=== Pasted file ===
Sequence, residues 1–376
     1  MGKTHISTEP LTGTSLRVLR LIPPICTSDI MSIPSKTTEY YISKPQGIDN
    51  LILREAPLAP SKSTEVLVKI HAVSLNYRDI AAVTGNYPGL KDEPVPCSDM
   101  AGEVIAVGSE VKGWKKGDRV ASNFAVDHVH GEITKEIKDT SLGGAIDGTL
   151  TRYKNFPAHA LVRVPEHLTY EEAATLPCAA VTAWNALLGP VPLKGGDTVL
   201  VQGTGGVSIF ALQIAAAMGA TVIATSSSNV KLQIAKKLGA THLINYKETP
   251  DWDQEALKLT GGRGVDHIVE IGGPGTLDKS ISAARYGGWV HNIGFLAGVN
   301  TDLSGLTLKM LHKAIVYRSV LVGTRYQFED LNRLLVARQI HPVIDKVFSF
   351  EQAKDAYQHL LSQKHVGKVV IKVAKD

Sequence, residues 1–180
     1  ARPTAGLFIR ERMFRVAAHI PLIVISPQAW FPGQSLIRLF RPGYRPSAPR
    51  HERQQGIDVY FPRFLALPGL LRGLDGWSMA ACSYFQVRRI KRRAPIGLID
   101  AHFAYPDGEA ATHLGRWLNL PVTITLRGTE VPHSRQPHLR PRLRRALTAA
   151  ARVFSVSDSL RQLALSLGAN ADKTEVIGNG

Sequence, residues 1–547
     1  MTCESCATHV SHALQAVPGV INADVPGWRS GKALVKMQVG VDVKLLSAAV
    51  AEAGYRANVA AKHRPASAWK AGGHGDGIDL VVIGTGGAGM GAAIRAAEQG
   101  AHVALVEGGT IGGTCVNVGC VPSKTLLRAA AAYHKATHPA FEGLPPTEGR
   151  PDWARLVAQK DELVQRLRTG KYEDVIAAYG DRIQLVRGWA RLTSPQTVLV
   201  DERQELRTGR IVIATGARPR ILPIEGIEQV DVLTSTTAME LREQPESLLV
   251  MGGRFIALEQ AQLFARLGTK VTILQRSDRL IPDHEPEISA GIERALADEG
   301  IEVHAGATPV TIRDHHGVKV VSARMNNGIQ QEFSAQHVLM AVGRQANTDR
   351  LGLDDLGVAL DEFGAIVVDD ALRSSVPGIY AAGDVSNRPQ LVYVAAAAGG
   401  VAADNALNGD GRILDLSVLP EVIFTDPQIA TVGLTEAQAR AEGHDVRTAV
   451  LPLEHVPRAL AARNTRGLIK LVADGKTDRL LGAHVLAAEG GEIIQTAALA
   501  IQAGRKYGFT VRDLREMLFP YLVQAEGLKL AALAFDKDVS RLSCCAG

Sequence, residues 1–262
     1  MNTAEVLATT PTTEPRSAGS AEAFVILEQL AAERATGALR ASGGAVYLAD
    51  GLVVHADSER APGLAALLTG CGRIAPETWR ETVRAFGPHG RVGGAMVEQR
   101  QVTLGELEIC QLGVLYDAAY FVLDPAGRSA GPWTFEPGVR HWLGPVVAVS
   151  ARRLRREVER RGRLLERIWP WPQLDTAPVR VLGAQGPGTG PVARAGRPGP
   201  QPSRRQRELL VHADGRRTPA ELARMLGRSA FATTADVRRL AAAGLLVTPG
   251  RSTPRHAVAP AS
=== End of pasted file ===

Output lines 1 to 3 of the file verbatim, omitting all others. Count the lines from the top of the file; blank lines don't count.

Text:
Sequence, residues 1–376
     1  MGKTHISTEP LTGTSLRVLR LIPPICTSDI MSIPSKTTEY YISKPQGIDN
    51  LILREAPLAP SKSTEVLVKI HAVSLNYRDI AAVTGNYPGL KDEPVPCSDM